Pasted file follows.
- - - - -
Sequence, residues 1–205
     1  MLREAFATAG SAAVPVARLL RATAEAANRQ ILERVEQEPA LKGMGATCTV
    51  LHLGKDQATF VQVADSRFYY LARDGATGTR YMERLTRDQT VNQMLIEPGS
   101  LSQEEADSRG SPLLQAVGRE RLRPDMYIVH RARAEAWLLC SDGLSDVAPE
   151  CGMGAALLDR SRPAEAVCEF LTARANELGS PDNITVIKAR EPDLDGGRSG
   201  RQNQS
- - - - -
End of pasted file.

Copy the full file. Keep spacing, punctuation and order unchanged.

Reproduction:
Sequence, residues 1–205
     1  MLREAFATAG SAAVPVARLL RATAEAANRQ ILERVEQEPA LKGMGATCTV
    51  LHLGKDQATF VQVADSRFYY LARDGATGTR YMERLTRDQT VNQMLIEPGS
   101  LSQEEADSRG SPLLQAVGRE RLRPDMYIVH RARAEAWLLC SDGLSDVAPE
   151  CGMGAALLDR SRPAEAVCEF LTARANELGS PDNITVIKAR EPDLDGGRSG
   201  RQNQS